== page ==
PARIS — At a sports bar in the busy Saint-Germain-des-Prés neighborhood, subdued soccer fans gathered Tuesday night to watch the French national team take on England in London.
Before the friendly match got underway, France's national anthem — "La Marseillaise" — rang out across Wembley Stadium, where 70,000 people, including British Prime Minister David Cameron and Prince William, packed the stands.
English and French players stood in unity on the field, as spectators waved French flags and showed off cheeks painted with red, white and blue stripes.
After the opening anthem ended, patrons at The Moose, a Canadian bar popular with sports fans, broke into steady applause.
"I feel more French than ever since these attacks," said Calvin Creutz, an 18-year old student at Sciences-Po university, who came out specifically to watch the game.
While a "bizarre" atmosphere still lingers in Paris, Creutz told NBC News that the public show of solidarity was important following Friday's terror attacks, which left 129 people dead and 350 others wounded across six sites, including the Stade de France stadium.
There, suicide bombers unleashed explosives outside of the arena while France's soccer team played Germany.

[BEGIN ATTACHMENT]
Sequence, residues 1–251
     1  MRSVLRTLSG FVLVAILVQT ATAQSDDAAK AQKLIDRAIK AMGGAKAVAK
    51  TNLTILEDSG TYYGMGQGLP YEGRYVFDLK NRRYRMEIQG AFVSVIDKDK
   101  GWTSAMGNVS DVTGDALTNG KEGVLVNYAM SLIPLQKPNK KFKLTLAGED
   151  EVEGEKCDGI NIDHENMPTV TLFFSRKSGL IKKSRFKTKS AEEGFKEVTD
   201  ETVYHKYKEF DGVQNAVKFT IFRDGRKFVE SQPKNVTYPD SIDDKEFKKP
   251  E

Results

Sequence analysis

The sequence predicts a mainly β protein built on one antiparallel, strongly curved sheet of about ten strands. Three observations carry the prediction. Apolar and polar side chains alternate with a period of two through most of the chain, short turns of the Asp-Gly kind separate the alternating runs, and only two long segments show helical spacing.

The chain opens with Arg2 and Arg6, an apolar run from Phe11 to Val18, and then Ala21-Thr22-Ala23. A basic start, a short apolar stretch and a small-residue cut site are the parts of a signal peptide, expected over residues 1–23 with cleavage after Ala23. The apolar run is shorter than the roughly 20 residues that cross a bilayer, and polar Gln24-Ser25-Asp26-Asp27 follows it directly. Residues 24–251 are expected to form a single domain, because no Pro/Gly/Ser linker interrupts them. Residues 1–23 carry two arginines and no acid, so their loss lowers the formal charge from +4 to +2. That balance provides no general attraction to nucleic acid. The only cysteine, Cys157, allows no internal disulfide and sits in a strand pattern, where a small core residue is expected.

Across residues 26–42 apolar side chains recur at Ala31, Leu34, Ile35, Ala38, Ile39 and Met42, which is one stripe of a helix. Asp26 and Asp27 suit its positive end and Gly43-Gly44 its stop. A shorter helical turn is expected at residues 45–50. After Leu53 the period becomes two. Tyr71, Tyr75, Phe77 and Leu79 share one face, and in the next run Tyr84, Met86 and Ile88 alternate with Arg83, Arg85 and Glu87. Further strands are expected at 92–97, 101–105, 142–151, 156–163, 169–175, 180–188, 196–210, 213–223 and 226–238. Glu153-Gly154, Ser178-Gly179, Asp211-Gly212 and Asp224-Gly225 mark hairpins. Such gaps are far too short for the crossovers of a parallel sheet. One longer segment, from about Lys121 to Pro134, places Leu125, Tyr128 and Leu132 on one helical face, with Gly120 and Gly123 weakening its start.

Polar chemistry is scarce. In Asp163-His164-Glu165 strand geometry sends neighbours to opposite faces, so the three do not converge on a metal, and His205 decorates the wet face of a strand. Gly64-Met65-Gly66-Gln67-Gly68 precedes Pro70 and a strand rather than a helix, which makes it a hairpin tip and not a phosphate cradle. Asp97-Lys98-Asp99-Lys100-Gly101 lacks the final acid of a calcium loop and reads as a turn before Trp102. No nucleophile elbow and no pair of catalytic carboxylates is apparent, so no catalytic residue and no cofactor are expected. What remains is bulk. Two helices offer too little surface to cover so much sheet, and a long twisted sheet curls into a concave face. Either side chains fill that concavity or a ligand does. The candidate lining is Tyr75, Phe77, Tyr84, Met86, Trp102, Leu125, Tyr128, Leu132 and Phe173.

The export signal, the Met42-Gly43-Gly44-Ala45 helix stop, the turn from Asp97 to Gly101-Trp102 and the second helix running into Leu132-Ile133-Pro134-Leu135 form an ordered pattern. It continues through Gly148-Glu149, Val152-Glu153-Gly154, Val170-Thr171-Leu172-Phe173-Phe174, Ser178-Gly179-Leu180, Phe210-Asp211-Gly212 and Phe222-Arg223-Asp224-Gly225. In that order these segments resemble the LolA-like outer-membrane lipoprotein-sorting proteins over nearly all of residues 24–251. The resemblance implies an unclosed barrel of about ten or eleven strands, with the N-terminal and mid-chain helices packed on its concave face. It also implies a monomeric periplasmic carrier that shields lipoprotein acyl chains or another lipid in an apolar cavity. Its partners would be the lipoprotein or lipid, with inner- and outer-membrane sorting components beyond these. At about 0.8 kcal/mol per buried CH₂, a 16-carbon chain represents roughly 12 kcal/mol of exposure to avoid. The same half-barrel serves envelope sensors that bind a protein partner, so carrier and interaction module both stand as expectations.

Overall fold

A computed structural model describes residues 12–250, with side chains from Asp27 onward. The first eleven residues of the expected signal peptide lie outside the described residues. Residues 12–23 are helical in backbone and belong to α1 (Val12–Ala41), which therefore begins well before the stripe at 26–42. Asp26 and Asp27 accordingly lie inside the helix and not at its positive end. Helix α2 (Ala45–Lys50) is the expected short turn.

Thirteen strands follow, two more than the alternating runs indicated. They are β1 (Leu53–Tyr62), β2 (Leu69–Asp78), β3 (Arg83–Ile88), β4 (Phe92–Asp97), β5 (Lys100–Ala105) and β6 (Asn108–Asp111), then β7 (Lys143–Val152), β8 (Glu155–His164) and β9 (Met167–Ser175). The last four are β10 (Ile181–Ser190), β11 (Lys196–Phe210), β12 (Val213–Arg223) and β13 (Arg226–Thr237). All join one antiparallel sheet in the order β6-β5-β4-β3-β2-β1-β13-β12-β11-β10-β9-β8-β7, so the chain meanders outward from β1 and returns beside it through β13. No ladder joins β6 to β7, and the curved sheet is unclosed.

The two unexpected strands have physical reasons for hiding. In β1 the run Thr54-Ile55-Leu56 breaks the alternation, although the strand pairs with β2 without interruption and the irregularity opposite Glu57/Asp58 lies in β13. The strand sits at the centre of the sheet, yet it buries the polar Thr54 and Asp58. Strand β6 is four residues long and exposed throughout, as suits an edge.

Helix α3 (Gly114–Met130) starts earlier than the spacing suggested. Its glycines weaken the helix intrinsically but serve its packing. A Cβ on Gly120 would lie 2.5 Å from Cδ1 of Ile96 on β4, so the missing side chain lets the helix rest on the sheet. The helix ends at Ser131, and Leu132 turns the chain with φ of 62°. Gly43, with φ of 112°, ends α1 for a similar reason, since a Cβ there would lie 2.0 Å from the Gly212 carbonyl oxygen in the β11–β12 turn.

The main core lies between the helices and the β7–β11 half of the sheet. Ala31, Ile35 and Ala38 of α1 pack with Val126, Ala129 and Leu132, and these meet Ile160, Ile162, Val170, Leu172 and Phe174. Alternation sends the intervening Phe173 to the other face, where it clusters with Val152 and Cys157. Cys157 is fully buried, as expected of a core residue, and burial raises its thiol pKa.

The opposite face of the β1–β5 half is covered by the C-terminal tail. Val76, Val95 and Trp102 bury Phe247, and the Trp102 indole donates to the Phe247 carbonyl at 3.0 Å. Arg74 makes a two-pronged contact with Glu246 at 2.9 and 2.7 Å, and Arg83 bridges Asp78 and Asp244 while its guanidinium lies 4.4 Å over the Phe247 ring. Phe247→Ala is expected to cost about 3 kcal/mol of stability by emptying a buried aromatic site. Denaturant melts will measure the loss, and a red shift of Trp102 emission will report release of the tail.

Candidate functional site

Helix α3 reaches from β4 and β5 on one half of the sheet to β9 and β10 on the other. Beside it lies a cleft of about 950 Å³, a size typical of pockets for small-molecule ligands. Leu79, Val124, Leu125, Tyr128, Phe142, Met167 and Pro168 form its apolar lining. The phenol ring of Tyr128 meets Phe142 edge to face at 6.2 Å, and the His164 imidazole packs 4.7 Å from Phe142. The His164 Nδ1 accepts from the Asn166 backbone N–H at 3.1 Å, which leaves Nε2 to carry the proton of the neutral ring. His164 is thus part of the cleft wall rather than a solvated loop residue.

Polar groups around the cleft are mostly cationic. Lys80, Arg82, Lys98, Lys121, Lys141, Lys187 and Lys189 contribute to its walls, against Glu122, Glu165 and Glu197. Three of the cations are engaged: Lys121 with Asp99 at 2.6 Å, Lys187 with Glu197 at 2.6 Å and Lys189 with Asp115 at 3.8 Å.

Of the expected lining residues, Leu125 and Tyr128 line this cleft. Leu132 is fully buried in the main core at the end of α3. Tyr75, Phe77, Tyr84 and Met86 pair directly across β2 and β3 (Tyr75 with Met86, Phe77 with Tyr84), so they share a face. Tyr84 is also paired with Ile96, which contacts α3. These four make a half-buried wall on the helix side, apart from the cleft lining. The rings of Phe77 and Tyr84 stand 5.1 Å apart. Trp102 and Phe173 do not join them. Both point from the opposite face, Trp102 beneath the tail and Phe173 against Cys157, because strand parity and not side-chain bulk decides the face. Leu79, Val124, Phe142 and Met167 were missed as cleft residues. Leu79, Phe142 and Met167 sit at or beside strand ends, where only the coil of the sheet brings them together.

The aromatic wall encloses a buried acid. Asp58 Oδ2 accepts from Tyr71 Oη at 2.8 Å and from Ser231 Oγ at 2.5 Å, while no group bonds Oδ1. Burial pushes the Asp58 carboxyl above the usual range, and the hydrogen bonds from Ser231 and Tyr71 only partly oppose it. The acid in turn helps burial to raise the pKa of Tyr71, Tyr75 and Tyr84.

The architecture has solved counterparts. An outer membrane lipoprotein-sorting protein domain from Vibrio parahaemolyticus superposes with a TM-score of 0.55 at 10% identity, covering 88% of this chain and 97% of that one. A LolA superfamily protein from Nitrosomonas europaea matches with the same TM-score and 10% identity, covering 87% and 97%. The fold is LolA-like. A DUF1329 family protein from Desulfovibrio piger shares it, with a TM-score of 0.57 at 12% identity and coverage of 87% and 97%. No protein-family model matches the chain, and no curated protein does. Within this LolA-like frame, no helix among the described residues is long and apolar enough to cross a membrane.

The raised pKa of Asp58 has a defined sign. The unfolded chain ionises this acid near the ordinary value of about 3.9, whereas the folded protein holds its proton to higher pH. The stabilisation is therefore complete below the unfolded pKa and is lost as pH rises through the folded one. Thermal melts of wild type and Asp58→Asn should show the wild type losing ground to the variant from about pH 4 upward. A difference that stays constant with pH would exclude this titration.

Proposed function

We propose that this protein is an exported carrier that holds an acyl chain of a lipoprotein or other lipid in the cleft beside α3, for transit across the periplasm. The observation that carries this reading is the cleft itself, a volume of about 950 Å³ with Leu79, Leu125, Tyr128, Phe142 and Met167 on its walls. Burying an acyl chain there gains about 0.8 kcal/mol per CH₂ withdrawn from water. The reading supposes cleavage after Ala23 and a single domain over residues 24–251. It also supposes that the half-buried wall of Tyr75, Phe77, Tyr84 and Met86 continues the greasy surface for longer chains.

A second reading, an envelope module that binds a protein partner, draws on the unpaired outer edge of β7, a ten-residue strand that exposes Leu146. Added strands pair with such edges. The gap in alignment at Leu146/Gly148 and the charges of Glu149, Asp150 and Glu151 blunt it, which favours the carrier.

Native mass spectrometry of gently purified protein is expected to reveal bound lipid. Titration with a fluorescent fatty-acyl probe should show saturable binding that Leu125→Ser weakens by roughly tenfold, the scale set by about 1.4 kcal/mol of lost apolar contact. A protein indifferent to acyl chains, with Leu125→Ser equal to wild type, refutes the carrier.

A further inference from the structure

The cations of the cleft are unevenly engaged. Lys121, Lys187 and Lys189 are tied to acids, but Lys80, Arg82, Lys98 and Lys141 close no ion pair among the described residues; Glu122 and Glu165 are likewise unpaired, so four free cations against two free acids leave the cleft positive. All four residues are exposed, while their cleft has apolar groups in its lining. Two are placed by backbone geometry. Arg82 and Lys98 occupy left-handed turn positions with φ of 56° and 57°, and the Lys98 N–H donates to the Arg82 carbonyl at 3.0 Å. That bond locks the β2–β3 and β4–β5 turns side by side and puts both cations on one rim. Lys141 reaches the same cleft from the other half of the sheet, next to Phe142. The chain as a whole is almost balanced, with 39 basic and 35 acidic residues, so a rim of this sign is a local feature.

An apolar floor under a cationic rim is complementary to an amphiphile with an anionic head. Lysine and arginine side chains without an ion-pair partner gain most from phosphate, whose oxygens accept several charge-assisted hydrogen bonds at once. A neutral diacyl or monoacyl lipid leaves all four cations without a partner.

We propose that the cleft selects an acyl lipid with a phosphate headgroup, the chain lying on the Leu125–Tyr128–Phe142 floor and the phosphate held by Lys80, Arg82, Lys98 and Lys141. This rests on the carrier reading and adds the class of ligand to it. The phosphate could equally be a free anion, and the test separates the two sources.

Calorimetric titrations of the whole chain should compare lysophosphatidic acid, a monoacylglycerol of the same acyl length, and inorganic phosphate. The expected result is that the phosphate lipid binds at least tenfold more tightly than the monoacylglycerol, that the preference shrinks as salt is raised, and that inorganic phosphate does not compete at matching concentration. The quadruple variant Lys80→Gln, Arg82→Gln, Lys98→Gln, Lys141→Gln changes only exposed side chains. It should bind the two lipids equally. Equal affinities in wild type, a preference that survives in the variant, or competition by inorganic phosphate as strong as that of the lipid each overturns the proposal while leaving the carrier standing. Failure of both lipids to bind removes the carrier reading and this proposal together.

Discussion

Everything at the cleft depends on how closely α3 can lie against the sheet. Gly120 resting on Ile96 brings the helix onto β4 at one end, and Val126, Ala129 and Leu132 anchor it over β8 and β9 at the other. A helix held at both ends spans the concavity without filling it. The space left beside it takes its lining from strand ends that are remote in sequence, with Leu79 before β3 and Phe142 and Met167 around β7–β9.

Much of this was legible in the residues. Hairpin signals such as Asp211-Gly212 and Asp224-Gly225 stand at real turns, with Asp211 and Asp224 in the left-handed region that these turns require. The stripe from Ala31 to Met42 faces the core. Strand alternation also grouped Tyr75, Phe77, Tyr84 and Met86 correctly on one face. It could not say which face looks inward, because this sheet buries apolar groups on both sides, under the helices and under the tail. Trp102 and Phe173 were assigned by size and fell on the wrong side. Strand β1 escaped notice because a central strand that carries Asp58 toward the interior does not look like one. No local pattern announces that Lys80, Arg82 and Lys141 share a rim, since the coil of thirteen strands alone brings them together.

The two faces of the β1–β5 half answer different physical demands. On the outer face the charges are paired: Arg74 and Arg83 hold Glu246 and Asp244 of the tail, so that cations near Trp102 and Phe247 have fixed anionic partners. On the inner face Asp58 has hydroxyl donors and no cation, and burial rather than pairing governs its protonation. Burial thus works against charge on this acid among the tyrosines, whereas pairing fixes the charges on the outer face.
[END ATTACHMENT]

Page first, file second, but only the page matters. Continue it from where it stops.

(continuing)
Earlier on Tuesday, another soccer stadium in Hanover, Germany, was evacuated before Tuesday night's match between Germany and the Netherlands after police warned of a "potential threat to spectators." No explosives or arrests were immediately made, police said.
"It is a symbol of unity," Creutz said amid the renewed flurry of French patriotism. "Today we are more and more united against these crimes."
His friend, Hugo Kennedy, agreed. "The Marseillaise means a lot more now," said Kennedy, whose father owns The Moose.
After the national anthem was sung, the French and English teams stood side by side on the pitch while cheers and applause washed over them.
The players of both teams — wearing black armbands — also observed a moment of silence to remember the victims.
The stadium was lit up in red, white and blue, and France's famous motto — Liberté, Egalité, Fraternité — was emblazoned in colored lights for all to see.
The England-France match up ended without a hitch — and England claiming a 2-0 victory.
London resident Ben Lyons, who was at the stadium, said he set up a Change.org petition to ask the Football Association to donate the proceeds of Tuesday's game to the charity Doctors Without Borders.
He told NBC News that the petition has more than 150,000 signatures.
"Football is a sport that brings people together," he said, "and England and France are obviously old rivals in football — but actually this is a chance for people to come together and stand for something good."
Michael Kennedy, owner of The Moose bar, said Paris remains "in a bit of a cloud" since Friday's attacks. His watering hole has seen dozens of cancellations in recent days, and the usually rowdy Sunday night regulars who come in to watch American football were fewer this week.
"People are on edge ... they are trying to live normally," said Michael Kennedy, 52. "You want to get back on with your lives."